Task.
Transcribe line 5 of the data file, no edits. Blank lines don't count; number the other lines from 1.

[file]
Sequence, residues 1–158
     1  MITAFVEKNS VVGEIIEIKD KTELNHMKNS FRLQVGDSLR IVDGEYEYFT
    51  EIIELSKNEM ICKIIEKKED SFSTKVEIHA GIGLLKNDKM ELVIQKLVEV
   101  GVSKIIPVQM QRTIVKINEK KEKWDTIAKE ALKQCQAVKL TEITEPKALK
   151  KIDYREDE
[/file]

   151  KIDYREDE